Well, old gal, was it really that bad?
You did significantly rework "Snow Storm" to the point that is an OK piece of work; made edits on "House at Hungry Hollow" and it is good until decision as to where it goes in the overall story.
Talked with Cora in Canada; got book ordered and permission to use pictures from the Bentley Chronicles with acknowledgement. Review and chose pictures for the Jabezes article about the Bentley Jabez, so that one should come struggling out of the computer this week. Also corrected and updated the posts which had Synopsis misspelled --- yikes what lousy proofread am I --- it went on for months!
Huruuumph-- not all that much work done and completed.
Even though the writing --- and clearing off my desk --- was not all that I would have liked there were some wonderful gems. My sis came down from Eugene on Thursday, and on Friday night we went to see Woody Guthrie's, An American Song at the Camelot Theater.
Of course, I had heard about the Dust Bowl and how those poor unfortunates had their land literally blown away. I never realized that this piece of history affected me because that most terrible dust storm of April 24, 1935, happened six months before I was born. The Zuckerman ranch where I was raised was a magnet for Klamath County's unemployed of the Depression, and so it was for the a number of the Dust Bowl refugees.
Often I have written about those guys of my childhood -- guys with wonderfully interesting names. By the time I was three years old, we had workers on the ranch with names like Okie, Big Oakie, Little Okie, Gutter Okie (he could gut and clean a duck the fastest of all) , and the Arkies, Little, Big and just Arkie. There as also a Tex and even a Utah. Being Mac's daughter, and for a number of years the only child on the compound, not only were these my "friends" but I had a special place. I have often laughingly said that this was where my "princess" complex began --- other's have not disagreed, but dinna think it all that funny.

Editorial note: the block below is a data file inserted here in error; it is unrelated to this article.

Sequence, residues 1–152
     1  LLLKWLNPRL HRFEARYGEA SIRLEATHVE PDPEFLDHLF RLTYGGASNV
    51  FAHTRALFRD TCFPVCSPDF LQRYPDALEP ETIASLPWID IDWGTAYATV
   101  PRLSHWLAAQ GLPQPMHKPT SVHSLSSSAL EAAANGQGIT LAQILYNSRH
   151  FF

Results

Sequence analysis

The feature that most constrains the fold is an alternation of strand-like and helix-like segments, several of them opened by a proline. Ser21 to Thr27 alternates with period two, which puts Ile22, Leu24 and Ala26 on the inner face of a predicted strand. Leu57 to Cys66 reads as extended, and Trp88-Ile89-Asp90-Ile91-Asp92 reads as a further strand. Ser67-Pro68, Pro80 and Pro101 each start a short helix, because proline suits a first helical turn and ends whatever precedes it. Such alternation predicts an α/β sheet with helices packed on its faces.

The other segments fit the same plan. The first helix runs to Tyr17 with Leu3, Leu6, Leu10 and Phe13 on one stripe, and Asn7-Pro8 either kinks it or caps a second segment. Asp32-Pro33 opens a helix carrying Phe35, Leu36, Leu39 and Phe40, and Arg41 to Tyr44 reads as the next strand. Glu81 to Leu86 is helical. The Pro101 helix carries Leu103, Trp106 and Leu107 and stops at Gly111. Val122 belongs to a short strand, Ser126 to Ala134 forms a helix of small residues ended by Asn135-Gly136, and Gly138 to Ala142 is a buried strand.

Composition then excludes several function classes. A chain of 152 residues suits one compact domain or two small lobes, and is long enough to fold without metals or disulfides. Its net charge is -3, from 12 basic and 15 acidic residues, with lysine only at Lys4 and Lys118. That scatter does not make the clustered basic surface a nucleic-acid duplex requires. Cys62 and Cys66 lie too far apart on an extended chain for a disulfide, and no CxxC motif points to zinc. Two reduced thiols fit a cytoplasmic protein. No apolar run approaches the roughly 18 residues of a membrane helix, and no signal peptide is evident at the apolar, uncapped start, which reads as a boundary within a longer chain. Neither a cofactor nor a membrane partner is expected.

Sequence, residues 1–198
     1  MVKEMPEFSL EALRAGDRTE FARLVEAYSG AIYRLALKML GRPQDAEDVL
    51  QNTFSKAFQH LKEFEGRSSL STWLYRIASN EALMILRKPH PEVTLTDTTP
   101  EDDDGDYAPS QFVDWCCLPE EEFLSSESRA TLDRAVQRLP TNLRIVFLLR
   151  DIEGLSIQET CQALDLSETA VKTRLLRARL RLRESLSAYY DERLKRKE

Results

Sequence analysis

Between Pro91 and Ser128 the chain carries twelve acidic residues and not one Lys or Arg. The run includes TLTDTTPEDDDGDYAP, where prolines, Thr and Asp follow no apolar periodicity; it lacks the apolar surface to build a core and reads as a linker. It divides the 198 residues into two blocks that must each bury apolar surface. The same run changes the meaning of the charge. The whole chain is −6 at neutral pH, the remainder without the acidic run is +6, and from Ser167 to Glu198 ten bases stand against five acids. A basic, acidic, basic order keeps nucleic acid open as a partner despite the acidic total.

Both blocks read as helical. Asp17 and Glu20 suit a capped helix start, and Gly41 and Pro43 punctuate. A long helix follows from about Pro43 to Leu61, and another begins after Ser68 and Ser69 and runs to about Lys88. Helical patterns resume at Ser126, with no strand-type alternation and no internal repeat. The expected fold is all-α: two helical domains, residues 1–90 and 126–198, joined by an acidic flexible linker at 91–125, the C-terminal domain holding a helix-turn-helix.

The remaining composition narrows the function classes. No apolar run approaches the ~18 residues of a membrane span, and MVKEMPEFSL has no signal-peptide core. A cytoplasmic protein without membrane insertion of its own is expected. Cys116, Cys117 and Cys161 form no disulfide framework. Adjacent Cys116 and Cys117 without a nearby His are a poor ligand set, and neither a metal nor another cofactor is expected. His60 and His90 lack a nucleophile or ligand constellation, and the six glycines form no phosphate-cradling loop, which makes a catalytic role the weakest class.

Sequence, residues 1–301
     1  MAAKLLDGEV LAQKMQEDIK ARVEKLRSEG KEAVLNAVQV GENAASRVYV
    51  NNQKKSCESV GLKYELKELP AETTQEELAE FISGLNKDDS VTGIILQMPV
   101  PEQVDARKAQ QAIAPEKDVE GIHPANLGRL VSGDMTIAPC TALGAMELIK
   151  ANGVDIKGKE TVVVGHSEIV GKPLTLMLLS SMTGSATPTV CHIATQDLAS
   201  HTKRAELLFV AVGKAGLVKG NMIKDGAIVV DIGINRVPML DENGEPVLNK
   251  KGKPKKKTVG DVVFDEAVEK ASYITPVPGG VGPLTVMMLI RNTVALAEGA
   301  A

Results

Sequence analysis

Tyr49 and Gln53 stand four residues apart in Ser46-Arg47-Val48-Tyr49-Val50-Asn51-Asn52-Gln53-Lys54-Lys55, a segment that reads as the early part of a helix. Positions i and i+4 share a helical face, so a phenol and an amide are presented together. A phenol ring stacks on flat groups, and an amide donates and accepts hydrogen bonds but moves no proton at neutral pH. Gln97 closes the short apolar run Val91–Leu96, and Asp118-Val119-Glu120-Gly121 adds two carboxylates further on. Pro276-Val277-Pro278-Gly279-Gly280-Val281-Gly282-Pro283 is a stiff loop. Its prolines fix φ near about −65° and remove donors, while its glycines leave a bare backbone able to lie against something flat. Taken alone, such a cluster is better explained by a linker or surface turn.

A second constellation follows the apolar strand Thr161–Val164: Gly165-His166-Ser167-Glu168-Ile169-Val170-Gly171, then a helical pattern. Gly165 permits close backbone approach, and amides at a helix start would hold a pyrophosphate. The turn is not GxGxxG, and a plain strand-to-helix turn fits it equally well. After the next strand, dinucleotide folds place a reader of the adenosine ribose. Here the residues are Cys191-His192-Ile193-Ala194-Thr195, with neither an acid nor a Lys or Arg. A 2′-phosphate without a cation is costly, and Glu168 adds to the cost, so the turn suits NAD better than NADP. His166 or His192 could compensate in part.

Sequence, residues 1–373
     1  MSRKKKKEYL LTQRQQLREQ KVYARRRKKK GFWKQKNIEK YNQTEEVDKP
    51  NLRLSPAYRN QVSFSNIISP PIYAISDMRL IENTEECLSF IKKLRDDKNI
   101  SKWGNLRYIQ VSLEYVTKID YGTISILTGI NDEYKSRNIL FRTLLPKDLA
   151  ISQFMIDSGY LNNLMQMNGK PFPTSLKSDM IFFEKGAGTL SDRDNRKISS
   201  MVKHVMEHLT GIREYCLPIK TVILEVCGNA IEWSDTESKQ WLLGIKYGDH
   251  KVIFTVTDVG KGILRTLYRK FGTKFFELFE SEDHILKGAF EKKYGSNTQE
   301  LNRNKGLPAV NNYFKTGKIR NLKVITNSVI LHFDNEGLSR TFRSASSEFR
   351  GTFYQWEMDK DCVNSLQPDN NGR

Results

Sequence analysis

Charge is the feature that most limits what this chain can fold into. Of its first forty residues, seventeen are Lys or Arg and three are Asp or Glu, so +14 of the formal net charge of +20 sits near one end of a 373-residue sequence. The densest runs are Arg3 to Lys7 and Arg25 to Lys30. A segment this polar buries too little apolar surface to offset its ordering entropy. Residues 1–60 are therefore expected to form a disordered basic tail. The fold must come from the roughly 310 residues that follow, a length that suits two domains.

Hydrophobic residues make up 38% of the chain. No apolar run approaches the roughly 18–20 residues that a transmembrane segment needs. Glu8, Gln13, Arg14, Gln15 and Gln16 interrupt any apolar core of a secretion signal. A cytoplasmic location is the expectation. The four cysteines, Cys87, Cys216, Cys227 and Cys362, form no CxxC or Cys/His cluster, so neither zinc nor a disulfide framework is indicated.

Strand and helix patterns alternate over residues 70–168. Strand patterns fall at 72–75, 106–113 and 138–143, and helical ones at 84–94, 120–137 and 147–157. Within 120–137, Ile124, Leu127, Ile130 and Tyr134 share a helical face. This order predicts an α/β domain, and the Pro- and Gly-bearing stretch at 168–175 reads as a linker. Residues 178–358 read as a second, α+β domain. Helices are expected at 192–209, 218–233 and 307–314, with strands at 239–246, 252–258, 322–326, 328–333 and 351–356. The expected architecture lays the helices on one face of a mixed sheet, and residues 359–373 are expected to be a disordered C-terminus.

Some of these fellas stayed on, married and themselves raised families; others would drift away, only to return months or years later. After December, 1941, many enlisted for service in the war, only to return periodically. These were the guys who if my father wasn't around fixed my tricycle, bicycle, caught my horse when she bucked me off, and later pulled me out of ditches in my early and nefarious attempts at driving. These were the guys who ate at the big cookhouse, and for whom my dad installed an "air-raid" type siren to roust them out of the bunkhouse. These were the guys that peopled my childhood --- and almost every one of them was a Dust Bowl refugee.
So when I sat in the front row of Camelot's new theater, the songs and stories resonated with me. Images flooded my mind, images of long ago times when I was a child and my "friends" had a wonderful array of names and a soft lilt to their speech. Songs that I have always seemed to have known, now in that darkened theater, once again connected me with those guys with the strange names that peopled my world as a child -- songs that connected me to their lives and plight, and just as surely molded my life.
A wonderful night of memories --- brought back through the music and stories of Woody Guthrie. Thanks, Camelot and a great cast.
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© Joan Hill, Roots'n'Leaves Publications